New Human Tumor Cell Lines

Jørgen Fogh, Germain Trempe.
:115-159.
Abstract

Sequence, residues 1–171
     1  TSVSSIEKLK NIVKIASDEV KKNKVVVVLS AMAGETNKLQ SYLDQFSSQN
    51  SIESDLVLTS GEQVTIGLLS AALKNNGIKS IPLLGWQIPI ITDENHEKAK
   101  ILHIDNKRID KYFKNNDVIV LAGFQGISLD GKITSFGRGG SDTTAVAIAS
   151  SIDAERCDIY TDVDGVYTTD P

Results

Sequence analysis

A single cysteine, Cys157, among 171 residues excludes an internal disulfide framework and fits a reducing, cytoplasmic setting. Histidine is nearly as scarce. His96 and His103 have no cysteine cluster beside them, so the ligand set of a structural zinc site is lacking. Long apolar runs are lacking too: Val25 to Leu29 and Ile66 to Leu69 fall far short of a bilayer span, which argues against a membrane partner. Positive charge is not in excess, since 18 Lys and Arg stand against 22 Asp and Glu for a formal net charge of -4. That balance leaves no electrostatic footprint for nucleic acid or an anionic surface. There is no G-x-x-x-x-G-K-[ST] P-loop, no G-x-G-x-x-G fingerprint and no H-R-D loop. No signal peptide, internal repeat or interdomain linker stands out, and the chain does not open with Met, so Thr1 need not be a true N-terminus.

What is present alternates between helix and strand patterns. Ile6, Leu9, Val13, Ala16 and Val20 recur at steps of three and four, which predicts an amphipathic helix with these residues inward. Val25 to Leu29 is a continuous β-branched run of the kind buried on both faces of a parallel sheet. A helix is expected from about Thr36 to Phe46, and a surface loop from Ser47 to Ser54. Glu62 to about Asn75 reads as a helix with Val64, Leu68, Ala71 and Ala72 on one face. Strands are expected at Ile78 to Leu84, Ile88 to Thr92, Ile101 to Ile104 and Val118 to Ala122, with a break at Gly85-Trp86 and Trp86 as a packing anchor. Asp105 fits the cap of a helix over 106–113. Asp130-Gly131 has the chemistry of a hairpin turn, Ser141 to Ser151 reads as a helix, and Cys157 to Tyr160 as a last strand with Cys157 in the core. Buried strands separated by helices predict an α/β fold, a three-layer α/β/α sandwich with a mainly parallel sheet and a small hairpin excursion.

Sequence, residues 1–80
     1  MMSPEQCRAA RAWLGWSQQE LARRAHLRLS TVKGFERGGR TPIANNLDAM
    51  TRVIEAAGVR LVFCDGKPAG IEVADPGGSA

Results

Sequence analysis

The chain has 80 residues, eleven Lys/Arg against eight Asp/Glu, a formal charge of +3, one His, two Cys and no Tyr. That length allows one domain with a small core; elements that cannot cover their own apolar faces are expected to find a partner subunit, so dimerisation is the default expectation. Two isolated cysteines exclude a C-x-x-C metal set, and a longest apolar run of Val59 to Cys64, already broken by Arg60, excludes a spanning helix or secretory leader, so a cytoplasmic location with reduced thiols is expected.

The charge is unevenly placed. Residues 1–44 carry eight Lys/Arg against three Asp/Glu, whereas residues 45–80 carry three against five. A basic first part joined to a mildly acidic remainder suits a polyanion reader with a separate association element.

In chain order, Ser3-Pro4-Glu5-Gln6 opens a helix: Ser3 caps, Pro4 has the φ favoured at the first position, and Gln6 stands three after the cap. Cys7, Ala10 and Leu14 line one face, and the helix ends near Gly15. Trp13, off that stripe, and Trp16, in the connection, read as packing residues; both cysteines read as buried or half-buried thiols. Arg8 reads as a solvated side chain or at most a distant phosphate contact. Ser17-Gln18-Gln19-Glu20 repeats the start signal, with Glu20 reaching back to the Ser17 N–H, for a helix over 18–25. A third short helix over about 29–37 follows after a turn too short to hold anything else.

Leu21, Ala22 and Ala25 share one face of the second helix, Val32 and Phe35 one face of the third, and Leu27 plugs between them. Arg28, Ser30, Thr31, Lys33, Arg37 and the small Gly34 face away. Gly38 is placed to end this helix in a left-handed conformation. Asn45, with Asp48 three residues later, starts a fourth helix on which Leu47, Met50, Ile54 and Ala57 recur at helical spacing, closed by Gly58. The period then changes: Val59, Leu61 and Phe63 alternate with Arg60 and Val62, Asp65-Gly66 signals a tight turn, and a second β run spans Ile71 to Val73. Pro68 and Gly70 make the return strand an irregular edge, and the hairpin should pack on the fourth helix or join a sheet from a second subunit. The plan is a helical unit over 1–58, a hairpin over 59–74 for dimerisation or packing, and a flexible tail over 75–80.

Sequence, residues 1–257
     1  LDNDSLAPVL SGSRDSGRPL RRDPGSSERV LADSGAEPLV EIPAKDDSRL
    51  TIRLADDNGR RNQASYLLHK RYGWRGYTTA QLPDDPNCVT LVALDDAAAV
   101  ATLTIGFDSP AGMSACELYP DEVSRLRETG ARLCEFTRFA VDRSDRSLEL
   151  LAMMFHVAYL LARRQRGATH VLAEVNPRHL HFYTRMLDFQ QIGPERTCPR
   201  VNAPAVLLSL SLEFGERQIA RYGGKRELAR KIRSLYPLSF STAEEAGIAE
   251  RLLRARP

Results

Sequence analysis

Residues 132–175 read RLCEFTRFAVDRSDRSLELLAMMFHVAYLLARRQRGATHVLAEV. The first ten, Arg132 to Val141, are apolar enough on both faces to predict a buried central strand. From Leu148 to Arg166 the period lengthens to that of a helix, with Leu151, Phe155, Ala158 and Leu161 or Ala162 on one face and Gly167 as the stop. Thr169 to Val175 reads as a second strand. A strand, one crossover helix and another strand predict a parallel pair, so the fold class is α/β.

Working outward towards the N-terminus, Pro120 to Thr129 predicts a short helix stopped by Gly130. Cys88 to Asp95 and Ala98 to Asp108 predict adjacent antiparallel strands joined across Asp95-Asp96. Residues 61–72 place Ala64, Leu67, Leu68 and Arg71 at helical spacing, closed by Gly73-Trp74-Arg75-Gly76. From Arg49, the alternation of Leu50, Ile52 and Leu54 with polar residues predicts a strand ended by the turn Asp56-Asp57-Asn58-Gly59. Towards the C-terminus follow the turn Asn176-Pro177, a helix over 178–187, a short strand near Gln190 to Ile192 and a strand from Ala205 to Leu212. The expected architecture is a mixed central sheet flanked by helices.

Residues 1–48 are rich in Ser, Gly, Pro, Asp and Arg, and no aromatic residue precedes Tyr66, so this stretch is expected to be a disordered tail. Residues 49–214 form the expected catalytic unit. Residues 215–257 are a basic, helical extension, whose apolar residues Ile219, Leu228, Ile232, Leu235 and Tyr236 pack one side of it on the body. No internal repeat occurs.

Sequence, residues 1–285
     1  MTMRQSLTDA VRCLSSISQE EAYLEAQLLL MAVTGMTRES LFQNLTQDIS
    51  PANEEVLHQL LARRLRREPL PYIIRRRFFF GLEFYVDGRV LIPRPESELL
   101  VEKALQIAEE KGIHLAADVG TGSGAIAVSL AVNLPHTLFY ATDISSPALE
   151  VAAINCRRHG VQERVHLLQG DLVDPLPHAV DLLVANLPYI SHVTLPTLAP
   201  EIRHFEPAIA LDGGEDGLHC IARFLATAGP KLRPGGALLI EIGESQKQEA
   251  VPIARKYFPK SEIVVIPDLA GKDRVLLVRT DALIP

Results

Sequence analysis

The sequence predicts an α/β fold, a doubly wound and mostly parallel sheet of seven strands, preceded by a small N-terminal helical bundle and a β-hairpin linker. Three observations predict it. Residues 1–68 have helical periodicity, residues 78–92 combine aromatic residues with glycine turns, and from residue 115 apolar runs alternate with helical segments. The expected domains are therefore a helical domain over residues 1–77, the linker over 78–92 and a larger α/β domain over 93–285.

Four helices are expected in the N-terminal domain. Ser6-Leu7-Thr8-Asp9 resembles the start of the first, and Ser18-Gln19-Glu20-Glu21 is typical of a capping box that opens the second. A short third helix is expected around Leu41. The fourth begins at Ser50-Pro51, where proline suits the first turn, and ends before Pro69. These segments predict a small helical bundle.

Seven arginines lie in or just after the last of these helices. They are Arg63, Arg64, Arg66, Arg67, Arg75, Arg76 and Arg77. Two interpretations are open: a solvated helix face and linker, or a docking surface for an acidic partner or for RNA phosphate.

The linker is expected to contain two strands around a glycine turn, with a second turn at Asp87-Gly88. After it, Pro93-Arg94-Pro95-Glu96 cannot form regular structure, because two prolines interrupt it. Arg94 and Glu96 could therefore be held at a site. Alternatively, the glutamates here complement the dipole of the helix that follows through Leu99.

There has been a feeling of frustration among many investigators trying to establish cell lines of human tumor cells. Numerous unsuccessful attempts, many of which have remained unpublished, have led to the conclusion that cell line establishment is controlled by the rare occurrence of a tumor with a built-in potential for long-term in vitro growth and by the application of intriguing culture techniques. The results given in the present chapter may, at least in part, contradict these conclusions. With techniques which in no particular way stand out as unusual, and by using medium and serum combinations, and in some cases added hormones, which are generally known to everyone involved in tissue culture, we have, during a rather short period of time, established a high number of new cell lines. These have originated from primary or metastatic human tumors, solid or effusions. In all fairness, many of our attempts to establish continuous lines have failed. However, the total number of attempts over successes is not truly representative of the frequency with which lines might be established. Many variations must be considered in this respect, including the choice of material, collection procedures, lapse of time between the clinical procedure and preparation for tissue culture, technical competence of assistants, and incidental factors known to everyone working in tissue culture. One thing, however, stands out as a conclusion: the careful attention to all the minute details provided by the dedicated tissue culturist seems to be the most important of all factors and cannot well be substituted for by special recipes or fancy equipment.